State Science Tests Show Gains At AE/MS

By Jane Slayton, AE/MS Principal

Fourth, eighth, and eleventh grade students in New Hampshire are administered a science test every spring. The fourth and eighth grade students at AE/MS participate in the testing, as do the eleventh grade students from Andover who attend Merrimack Valley High School.

Results of the New England Common Assessment Program (NECAP) Science Tests were released this fall. NECAP is a collaborative involving three states: New Hampshire, Vermont, and Rhode Island. NECAP science results are used primarily for program evaluation, school improvement, and public reporting. Achievement level results are used in the state accountability system required under No Child Left Behind (NCLB).

The science assessment is designed to measure what students know and are able to do in the areas of Earth and Space Science, Physical Science, Life Science, and Inquiry.

Fifty-three percent of New Hampshire students scored proficient or better in science at grade four. At AE/MS, 61% of the students scored proficient or better. In grade eight, 32% of New Hampshire students scored proficient or better, and at AE/MS, 53% of the eighth grade students scored proficient or better.

Andover and the rest of New Hampshire now have several years of results that will help with decision making when it comes to improvement of the science curriculum and instruction.

Andover teachers of science remain confident that the Andover science curriculum is comprehensive in scope and delivers solid instruction. The AE/MS science curriculum is continually reviewed at the local level. School administration is very pleased with the science education the students receive at AE/MS. Science is reportedly a favorite subject of many Andover students.

It is important to note that the NECAP is only one measure of academic progress, and a single annual assessment is not a sufficient way of measuring overall student success.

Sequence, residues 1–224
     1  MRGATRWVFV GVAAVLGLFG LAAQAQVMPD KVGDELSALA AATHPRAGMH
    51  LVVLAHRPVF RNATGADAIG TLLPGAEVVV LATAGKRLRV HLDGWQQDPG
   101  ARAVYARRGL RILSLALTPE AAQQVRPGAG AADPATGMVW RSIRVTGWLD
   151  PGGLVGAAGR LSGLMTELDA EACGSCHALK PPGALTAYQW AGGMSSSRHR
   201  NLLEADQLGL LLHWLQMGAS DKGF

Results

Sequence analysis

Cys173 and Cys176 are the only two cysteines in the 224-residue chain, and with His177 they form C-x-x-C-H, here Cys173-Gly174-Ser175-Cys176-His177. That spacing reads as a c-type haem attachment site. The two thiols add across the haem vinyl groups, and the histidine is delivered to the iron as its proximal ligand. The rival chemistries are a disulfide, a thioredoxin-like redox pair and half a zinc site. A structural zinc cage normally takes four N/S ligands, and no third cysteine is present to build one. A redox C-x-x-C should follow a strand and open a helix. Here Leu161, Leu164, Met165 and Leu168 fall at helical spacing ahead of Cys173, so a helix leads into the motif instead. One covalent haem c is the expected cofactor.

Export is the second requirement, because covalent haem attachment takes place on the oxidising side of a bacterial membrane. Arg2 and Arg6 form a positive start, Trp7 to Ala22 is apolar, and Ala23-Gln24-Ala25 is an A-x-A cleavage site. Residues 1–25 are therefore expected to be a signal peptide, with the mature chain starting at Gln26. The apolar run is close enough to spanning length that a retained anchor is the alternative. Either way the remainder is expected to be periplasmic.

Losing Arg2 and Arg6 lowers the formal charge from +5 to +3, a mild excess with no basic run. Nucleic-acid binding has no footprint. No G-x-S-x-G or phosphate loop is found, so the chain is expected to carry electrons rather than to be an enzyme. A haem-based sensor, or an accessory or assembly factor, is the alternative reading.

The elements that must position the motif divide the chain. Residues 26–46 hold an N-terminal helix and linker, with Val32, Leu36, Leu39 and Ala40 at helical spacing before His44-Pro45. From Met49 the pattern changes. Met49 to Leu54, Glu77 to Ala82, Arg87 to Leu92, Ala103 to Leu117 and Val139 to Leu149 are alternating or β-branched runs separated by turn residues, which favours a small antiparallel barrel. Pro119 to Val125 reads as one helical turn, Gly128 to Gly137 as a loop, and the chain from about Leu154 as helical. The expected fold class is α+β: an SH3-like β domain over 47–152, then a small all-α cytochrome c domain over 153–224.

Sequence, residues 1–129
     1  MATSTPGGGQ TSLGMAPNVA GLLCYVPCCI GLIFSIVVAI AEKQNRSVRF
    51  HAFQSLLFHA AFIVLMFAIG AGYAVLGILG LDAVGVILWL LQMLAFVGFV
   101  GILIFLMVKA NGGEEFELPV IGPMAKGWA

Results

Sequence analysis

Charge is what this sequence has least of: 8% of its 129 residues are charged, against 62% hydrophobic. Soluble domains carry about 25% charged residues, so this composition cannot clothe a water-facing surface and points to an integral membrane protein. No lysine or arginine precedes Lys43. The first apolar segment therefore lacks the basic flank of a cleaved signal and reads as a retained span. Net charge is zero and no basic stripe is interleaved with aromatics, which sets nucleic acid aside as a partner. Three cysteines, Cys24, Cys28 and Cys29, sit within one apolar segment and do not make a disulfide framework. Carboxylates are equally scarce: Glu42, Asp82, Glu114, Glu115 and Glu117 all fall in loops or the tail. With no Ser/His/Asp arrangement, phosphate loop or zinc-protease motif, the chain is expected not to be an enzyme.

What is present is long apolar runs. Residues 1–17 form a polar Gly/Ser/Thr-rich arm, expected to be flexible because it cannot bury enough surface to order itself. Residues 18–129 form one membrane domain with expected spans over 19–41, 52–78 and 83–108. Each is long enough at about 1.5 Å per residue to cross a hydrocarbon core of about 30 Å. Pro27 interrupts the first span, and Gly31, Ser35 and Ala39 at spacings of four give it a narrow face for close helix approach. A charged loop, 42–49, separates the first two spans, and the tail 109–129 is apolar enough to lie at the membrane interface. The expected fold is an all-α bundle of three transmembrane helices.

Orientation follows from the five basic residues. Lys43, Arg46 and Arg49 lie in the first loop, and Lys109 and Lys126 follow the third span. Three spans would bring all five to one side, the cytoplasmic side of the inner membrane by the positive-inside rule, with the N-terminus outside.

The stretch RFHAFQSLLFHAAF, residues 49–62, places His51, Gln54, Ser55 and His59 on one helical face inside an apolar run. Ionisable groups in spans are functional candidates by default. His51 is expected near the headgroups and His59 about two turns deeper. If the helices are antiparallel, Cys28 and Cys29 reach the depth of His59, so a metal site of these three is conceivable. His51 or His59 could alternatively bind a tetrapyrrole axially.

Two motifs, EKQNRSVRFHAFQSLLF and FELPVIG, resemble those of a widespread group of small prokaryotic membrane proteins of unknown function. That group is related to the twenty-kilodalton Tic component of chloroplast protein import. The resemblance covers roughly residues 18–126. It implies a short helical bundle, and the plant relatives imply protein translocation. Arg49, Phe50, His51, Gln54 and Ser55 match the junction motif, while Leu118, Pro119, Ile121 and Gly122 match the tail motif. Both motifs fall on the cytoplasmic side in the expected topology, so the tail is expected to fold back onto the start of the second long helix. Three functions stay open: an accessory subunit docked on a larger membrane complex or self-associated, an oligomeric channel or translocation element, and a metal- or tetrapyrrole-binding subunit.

Overall the Andover Elementary/Middle School faculty and administration have confidence in the structure and rigor of the science curriculum and regularly receive positive feedback from the high schools that receive Andover students.

Those not familiar with the Science NECAP might find it interesting to read an inquiry task for fourth and eighth grade students. The inquiry tasks are designed to measure a student’s ability to make connections, express ideas, and provide evidence of scientific thinking. Inquiry skills are skills that all students should have in addition to knowing the content from the three domains of science.

The Grade 4 inquiry task, Conductors and Insulators, required students to investigate the electrical conductivity of various materials. Using a circuit tester, students determined if each material conducted electricity. Students analyzed the results to determine which materials were conductors and which materials were insulators. Students worked with partners to complete the task and then answered questions on their own.

The Grade 8 inquiry task, Ocean Currents, required students to use data to construct conclusions about how heat can be transferred. Students analyzed ocean temperature and air temperature data to describe patterns and relationships shown by each. Students used the data to determine why there is a significant ocean temperature difference between two locations – Crescent City,    California and Woods Hole, Massachusetts – located at the same latitude.